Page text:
Sue’s Fingerprint by Andrew D. Carlson
3 out of 5
Sue’s Fingerprint by Andrew D. Carlson is a young adult sci-fi novel. I am usually not too interested by that combination but Sue’s Fingerprints was an enjoyable read. The story follows the journey of numerous characters and how their lives are affected by this mysterious, alien goo. What can the goo do? It clones those who touch it.
It’s not very often that we have a YA book that doesn’t involve vampires, werewolves (something supernatural and overtly sexual) or unrealistic highschool dramas (popular girl fiascos). This was a very different YA book and that is one of the reasons why I liked it. The book didn’t try to conform to the current YA “trend” but instead it stood on it’s own two feet, proudly.
In some ways I wished the book wasn’t YA, I would have enjoyed reading how the book developed within the cloning theme (which is something I’m fascinated in) as an adult book. The book would have shifted from good to great with that extra depth behind this mysterious goo and the whimsical character created.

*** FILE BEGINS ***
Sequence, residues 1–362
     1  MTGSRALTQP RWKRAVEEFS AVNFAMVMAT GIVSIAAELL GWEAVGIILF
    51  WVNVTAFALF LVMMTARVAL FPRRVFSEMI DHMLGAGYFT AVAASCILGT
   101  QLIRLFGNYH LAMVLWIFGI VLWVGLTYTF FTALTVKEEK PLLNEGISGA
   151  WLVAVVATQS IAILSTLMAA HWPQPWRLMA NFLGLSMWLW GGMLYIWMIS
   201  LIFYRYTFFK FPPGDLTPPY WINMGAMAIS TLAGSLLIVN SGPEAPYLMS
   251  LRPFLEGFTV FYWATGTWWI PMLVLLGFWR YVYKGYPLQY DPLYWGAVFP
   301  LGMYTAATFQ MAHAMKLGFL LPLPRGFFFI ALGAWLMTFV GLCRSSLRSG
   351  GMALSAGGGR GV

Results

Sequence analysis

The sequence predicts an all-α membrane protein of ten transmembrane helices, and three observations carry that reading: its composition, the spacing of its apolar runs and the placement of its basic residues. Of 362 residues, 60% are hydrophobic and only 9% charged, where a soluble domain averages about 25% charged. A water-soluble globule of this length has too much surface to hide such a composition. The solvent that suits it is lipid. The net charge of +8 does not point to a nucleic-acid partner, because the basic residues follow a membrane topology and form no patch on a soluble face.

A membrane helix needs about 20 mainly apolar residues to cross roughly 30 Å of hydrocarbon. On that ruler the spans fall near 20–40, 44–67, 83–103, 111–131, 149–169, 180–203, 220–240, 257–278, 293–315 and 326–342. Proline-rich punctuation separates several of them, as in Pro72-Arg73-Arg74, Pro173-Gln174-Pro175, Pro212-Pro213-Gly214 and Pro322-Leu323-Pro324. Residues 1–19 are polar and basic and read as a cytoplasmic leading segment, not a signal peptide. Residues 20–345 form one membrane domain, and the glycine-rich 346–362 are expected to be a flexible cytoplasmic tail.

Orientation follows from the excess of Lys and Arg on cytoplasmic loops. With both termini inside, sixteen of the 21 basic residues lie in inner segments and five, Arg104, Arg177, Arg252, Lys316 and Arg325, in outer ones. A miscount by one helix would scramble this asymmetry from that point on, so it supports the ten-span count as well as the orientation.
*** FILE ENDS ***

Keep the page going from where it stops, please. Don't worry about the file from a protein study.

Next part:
I loved how concise, clear and short the chapters were. It kept the book moving at an enjoyable pace. Humor was sprinkled across the chapters appropriately which I liked. The book made sure you didn’t get lost within the goo-investigation by having the characters clarify themselves and what they knew about the goo. Although this is great, particularly for children, it sometimes felt repetitive but I preferred Carlson’s “safe” approach rather than being lost in the plot. The ending was also very clean, all the knots had been tied and there was a sense of compete resolution. For some people, that’s perfect. Personally, I prefer open endings but for children (Tweens) this is probably a wiser choice.
Overall, I enjoyed reading this book. It wouldn’t be a book I would pick off the shelves but I am glad I got the opportunity to read it. It was fresh, I loved the character Sue and viewing the world through her eyes. The concept was great and subsequently, Carlson has activated the ‘read-clone-novels’ switch within me.